Do not stare at or talk to a puppy while it is eliminating. The mother dog avoids staring at the puppy during this time because she does not want to indicate danger, displeasure or concern and therefore remains detracted or aloof. Too many women become overly excited and praise their puppy for pooping outside. The puppy either becomes concerned, “Did I do something wrong?” or distracted and ceases to eliminate. Either way, the house-training instruction has been disrupted and will ultimately delay the learning process.
The mother dog’s verbal directives during house training sessions are kept to a minimum. She needs to keep her senses attuned to possible danger in the environment. It would be alien to her to verbally praise the puppy for performing a natural function. The mother dog resorts to verbal directives only if she becomes concerned or aware of danger. Her silence and detachment however provide the puppy with a peaceful and safe moment to eliminate.
Mother dog does not give her puppy a treat for performing a natural function because she instinctively knows most puppies are food motivated and likely to be distracted by the treat and not complete the task. A smart puppy, owned by a human knows it will receive a treat for eliminating. The treat becomes the stimulus and their sole motivation. Eliminating equals receiving a reward. The puppy may be savvy enough to know that by eliminating just a little, a treat will be in the offering. The owner, however, assumes the puppy has completed its business, gives the treat for a job well done and immediately brings the puppy back into their home.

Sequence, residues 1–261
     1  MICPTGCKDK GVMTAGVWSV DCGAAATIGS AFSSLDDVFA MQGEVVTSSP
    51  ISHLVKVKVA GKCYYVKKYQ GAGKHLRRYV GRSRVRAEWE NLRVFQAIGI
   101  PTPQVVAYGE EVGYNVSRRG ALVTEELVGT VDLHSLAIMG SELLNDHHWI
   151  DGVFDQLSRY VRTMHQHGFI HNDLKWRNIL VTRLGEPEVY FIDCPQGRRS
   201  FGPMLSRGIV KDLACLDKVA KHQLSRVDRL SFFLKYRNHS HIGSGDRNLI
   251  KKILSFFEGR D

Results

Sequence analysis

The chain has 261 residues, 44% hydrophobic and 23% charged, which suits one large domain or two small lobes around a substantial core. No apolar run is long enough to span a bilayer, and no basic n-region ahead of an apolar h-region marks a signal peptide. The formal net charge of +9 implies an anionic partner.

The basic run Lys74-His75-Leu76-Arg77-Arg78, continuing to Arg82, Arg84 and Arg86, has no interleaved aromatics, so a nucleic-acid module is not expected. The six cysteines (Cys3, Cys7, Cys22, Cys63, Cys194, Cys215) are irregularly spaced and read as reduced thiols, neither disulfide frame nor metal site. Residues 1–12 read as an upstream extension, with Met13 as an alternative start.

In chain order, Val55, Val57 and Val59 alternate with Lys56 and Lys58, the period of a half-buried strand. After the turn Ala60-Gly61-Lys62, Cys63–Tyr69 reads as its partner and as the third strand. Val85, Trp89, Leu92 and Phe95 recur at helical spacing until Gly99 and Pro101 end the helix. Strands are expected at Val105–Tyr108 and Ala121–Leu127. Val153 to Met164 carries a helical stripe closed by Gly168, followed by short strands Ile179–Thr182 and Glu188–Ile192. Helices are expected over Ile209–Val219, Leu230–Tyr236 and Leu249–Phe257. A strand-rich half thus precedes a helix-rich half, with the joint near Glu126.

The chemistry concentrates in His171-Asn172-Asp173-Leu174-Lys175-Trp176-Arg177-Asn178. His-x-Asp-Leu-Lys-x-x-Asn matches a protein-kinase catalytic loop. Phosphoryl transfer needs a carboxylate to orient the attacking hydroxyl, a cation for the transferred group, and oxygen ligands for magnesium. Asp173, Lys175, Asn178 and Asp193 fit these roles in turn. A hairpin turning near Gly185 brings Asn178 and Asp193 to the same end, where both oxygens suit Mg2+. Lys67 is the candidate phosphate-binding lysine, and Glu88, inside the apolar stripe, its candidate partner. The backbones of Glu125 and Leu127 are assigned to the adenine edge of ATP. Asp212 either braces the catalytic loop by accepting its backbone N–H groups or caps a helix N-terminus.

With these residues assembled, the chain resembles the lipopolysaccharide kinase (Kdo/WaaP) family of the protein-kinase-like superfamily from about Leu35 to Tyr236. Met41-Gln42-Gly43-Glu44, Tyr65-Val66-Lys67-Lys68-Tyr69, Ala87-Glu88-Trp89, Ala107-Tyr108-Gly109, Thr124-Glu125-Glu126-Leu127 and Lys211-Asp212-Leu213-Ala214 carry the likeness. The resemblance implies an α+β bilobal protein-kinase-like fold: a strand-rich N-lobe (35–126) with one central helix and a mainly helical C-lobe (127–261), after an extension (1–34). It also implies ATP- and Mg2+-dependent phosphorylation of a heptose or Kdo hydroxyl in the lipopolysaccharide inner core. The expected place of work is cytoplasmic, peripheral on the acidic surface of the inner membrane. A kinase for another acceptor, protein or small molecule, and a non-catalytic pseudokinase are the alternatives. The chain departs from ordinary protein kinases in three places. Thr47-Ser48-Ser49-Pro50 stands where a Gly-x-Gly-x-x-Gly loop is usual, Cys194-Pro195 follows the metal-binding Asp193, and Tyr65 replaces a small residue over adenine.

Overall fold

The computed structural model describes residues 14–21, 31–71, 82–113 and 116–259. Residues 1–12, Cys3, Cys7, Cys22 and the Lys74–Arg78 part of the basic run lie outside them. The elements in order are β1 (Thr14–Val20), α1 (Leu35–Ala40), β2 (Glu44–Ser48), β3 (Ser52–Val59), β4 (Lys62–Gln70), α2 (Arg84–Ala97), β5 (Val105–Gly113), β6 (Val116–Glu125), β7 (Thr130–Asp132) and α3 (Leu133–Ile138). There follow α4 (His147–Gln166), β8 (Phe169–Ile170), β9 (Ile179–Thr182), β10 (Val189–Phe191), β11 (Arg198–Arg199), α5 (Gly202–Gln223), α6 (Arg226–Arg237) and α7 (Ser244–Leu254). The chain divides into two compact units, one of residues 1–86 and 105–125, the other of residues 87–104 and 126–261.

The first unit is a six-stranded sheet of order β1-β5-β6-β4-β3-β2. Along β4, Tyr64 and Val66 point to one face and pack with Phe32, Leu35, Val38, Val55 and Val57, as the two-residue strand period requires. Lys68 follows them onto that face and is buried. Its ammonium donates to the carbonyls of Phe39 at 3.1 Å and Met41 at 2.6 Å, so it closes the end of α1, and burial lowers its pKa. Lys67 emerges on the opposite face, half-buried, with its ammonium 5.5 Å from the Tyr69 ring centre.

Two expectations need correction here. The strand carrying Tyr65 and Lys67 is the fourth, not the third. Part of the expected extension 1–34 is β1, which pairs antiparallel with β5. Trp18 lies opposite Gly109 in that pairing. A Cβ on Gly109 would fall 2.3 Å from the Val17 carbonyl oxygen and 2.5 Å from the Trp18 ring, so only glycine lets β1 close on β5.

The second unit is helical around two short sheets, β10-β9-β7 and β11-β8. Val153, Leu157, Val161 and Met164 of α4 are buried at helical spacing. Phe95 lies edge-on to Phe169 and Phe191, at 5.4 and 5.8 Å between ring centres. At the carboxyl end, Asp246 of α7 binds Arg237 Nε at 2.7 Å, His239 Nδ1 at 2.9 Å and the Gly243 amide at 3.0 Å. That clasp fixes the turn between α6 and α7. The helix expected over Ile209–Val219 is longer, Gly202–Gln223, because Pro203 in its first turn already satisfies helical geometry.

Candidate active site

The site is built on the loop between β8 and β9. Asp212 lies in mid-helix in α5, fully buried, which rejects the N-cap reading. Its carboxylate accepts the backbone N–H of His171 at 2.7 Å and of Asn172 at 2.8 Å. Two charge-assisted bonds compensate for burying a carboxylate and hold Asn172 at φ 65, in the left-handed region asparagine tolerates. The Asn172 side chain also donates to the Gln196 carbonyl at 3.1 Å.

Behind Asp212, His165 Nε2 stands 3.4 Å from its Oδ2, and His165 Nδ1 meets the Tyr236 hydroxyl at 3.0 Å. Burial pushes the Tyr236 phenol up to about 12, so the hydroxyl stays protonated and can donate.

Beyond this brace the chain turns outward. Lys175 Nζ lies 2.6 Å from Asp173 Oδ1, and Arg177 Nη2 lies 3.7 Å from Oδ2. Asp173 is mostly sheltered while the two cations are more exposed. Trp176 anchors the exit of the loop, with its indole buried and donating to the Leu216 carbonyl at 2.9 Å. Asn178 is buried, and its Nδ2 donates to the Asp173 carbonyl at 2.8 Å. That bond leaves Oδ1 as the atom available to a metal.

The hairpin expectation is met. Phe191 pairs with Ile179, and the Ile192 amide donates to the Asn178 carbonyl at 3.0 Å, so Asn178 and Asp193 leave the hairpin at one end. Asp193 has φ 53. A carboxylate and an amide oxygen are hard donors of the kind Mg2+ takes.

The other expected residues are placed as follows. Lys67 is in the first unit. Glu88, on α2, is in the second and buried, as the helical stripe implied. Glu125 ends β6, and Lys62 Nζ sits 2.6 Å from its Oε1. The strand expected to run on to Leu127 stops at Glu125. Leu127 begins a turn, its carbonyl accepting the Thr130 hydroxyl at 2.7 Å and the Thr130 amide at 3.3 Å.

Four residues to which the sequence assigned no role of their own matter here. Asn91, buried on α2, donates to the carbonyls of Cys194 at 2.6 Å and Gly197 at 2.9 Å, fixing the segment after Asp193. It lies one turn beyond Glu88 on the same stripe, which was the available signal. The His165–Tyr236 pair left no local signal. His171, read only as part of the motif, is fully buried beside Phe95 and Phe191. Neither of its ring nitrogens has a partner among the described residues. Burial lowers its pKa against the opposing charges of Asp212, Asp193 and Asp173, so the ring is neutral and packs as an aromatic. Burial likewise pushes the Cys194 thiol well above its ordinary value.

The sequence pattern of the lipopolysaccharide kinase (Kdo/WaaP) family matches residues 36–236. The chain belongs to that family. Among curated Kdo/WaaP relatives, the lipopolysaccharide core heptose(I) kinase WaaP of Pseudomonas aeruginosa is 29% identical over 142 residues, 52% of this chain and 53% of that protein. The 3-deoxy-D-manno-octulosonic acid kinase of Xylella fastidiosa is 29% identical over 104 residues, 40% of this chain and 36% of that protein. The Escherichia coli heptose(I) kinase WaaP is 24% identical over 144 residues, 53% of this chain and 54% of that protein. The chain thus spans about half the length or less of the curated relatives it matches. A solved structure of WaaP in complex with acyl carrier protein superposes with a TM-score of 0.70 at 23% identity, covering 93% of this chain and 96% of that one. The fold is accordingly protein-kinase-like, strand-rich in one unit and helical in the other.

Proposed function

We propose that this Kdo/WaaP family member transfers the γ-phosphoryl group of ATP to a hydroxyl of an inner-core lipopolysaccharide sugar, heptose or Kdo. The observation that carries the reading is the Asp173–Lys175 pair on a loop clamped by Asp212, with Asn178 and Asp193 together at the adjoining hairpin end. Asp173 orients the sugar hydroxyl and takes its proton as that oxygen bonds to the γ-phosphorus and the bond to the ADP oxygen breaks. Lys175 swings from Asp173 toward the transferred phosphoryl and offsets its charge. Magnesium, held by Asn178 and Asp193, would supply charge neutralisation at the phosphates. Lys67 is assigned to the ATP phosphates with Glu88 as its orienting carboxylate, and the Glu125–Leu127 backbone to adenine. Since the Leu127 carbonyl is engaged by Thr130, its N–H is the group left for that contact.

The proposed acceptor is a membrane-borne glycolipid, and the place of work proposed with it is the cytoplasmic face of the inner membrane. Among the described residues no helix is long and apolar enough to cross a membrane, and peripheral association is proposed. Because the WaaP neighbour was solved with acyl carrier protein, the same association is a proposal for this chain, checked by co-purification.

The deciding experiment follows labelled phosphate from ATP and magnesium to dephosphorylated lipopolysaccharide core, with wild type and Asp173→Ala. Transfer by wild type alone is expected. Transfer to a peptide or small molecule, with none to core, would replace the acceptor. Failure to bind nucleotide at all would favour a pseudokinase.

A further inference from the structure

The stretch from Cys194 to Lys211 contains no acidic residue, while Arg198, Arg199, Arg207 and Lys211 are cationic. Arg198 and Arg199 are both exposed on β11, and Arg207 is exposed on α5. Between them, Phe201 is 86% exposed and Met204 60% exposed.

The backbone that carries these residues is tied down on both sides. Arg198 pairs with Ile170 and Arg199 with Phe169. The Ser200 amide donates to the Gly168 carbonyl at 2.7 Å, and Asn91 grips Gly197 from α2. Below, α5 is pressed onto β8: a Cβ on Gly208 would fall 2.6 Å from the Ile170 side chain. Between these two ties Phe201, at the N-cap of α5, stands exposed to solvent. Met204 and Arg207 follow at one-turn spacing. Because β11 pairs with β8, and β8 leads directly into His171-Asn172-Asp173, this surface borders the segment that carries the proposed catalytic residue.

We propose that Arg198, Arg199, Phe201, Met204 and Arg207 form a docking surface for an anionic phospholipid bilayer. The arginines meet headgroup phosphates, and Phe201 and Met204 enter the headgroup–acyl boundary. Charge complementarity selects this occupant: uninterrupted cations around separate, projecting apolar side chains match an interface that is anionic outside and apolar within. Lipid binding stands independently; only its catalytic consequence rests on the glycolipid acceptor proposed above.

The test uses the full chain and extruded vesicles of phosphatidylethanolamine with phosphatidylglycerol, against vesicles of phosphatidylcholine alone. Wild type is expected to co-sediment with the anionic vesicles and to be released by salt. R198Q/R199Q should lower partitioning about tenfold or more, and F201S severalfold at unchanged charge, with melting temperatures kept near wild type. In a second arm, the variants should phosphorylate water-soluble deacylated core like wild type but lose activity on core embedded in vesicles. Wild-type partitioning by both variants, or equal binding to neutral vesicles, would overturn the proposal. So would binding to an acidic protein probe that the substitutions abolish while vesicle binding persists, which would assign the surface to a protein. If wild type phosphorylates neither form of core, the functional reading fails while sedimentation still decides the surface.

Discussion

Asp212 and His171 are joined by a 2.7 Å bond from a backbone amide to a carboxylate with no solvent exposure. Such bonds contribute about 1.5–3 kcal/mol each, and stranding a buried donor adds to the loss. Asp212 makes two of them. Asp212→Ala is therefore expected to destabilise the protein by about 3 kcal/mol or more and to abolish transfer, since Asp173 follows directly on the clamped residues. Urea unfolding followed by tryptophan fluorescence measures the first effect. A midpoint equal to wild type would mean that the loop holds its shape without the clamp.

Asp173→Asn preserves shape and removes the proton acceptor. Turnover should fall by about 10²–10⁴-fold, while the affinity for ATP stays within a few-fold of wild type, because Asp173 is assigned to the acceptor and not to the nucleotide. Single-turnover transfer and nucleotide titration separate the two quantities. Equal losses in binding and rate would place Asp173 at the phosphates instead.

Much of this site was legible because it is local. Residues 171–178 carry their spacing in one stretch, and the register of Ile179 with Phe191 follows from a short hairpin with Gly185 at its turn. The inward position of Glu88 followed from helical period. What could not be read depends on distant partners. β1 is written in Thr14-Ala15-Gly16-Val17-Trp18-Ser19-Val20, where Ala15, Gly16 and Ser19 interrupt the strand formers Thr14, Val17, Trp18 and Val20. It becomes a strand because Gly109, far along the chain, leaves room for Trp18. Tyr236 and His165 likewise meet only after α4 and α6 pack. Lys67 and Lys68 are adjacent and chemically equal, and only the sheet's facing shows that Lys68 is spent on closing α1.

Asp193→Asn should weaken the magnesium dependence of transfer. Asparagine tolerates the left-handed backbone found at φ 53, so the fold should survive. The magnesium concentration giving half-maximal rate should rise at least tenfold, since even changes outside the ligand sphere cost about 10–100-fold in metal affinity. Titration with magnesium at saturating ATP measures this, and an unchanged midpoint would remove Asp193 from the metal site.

Unfortunately, within a few minutes after their arrival the puppy makes a deposit on the Oriental rug. This time no treat will be offered and what becomes even more baffling to the puppy is why its trusted and loving owner has suddenly become so angry. “I pooped again, what’s the problem?”
• Provide a puppy ample time to eliminate outside. Don’t rush the process.
Female puppies will often urinate twice during a 10-minute outing and most male puppies have to investigate and play before getting down to business. Therefore, refrain whenever possible from allowing toddlers to participate in the outside house-training session because their exuberant cries and yelling might
distress the puppy or compel it to participate in the children’s antics rather than concentrate on the task at hand. Keep the environment peaceful and quiet.
Do not immediately clean the area where the puppy has eliminated. Women typically stoop or bend down to clean the soiled area. A puppy can misconstrue these actions as an invitation to play or a sign of submission. It is not uncommon for dominant dogs to attempt to mount or body-slam a woman when she is on her knees cleaning.
Remove the waste after the puppy has been safely returned to the home or carry colored Popsicle sticks in your pocket. Drop them near the puppy deposit. Perform this action when the puppy is distracted. The stick will indicate to the neighbors your intention to return and clean the area later and it will also make it easier to find the location. Continue to employ this procedure until the puppy is fully house trained and after you have established some degree of authority over the dog.
Never place a puppy’s nose in its own excrement. This house-training technique is never employed by the mother dog. You wouldn’t place a child’s face in a soiled diaper to teach the infant a lesson, so don’t do it to a puppy! This tactic is not only a form of animal abuse; it can make a puppy fearful of its owner.